Metadiscursive strategies in dialogue
legitimising confrontational rhetoric
The metadiscourse used in institutional dialogue is envisaged in this investigation as a set of discursively and rhetorically structured utterances meant to contextualise, as well as overstate or understate the interlocutors' statements with respect to the degree of involvement, topical explicitness, positioning, interpersonal rapport and audience appeal. The main goal is to analyse the interplay between shifting metadiscursive strategies and ritualised discursive practices by examining instances of parliamentary interaction that shape participant role shifts, private-public communicative interfaces, and multiple audience targeting strategies. A rhetorically significant category of metadiscursive strategies used to surreptitiously introduce controversial comments are the rhetorical parentheticals. In terms of their position and role in the discourse, two main types of metadiscursive parentheticals have been identified in institutional dialogic interaction: parentheticals that function as inserted metadiscourse (occurring either by juxtaposition, before, after or between whole discursive units) and parentheticals that function as embedded metadiscourse (occurring between two constituents of one specific discursive unit). A pragma-rhetorical approach has been adopted for the analysis of various types of metadiscursively functioning parentheticals in order to identify shifts and overlaps between the personal and interpersonal levels and to examine multi-level correlations between the interlocutors' articulations of complementary or competing representations and interpretations. Context-specific examples illustrate how interlocutors use parentheticals to adjust their discourse to shifting rhetorical situations, vary the effects of their rhetorical appeals by addressing interchangeably or simultaneously several audiences and choose to reinforce/cancel previous assumptions referentially, relationally and/or evaluatively.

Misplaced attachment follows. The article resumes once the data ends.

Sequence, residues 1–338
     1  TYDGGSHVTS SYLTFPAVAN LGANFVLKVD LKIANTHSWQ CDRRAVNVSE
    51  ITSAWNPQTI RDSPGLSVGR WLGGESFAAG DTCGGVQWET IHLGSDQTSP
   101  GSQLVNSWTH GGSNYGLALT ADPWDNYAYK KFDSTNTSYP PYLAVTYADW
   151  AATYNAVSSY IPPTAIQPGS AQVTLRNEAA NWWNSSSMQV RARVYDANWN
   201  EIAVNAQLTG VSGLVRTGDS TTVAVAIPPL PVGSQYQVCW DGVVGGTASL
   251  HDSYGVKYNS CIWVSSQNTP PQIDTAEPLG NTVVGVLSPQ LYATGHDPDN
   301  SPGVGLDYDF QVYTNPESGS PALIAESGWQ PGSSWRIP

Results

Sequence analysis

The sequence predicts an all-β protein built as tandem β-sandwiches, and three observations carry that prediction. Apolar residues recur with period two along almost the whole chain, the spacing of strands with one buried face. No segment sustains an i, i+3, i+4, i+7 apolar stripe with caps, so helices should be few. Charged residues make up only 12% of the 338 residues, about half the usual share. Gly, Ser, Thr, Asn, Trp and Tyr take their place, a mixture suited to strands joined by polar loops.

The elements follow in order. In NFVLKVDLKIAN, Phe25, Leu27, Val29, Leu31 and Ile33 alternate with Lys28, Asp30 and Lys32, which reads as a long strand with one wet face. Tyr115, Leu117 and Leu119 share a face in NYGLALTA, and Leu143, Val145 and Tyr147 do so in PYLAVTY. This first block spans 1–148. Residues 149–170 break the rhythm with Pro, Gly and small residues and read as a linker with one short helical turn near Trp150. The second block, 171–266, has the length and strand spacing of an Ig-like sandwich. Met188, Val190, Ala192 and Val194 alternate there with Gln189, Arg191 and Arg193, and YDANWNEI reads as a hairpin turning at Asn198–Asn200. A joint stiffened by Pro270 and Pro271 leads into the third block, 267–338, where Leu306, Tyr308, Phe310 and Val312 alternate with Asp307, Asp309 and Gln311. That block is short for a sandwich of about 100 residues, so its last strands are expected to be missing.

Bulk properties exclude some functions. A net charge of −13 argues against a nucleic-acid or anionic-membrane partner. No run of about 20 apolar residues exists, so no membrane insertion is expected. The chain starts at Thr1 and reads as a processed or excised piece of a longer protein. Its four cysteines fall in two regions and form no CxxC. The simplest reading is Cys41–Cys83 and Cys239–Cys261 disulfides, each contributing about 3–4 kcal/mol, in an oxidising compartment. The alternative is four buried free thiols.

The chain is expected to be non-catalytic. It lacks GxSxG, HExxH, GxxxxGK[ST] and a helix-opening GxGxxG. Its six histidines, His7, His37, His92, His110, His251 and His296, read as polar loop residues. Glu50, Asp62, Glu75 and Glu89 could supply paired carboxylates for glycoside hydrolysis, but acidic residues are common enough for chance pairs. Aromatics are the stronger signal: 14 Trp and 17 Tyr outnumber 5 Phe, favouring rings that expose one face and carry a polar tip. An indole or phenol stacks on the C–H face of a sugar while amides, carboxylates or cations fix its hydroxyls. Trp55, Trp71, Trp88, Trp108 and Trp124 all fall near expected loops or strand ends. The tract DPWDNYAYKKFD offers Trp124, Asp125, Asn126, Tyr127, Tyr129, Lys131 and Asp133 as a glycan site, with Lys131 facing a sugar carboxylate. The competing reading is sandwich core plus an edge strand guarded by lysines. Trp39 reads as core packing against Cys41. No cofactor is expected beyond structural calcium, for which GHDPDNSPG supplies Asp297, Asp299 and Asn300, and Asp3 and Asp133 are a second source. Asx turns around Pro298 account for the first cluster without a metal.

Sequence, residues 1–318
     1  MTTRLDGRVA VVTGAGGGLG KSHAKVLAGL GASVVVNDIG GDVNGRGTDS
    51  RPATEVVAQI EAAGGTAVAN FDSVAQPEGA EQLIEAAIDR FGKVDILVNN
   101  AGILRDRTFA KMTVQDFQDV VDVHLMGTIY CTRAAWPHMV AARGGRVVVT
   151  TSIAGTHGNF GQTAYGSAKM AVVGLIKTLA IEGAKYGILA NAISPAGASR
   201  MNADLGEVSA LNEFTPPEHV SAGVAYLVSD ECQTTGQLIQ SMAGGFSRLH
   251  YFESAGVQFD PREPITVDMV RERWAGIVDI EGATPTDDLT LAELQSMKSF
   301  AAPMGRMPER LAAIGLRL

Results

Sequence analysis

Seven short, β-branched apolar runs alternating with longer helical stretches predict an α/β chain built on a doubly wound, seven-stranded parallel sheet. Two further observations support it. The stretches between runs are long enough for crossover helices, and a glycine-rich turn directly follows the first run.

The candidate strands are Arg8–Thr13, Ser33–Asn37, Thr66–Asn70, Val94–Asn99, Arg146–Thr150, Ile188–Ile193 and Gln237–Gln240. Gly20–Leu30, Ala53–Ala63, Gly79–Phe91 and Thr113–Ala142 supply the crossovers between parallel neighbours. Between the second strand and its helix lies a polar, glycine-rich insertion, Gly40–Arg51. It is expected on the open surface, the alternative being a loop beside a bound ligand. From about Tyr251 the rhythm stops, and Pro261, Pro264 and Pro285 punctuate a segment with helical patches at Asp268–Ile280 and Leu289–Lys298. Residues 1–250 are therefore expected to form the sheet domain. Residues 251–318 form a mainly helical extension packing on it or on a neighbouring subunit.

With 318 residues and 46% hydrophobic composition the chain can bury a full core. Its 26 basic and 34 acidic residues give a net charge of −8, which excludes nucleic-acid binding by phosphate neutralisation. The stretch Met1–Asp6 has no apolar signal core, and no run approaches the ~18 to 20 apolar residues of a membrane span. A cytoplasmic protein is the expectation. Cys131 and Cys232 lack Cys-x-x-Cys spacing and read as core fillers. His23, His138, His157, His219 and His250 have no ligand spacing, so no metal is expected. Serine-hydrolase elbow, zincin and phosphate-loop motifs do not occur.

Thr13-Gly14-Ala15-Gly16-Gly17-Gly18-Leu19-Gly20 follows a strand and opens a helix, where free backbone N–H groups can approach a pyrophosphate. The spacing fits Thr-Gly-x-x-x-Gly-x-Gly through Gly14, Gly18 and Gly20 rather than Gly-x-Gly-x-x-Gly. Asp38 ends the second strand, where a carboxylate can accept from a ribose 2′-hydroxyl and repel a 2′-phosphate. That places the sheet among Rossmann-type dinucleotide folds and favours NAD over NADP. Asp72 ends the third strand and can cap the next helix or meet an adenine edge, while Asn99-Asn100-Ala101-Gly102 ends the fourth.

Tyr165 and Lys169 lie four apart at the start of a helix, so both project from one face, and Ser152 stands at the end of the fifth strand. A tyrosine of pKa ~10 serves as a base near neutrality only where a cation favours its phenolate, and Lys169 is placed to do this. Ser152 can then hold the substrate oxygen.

Ilie, C. (2016)., Metadiscursive strategies in dialogue: legitimising confrontational rhetoric, in A. Capone & J. L. Mey (eds.), Interdisciplinary studies in pragmatics, culture and society, Dordrecht, Springer, pp. 601-613.
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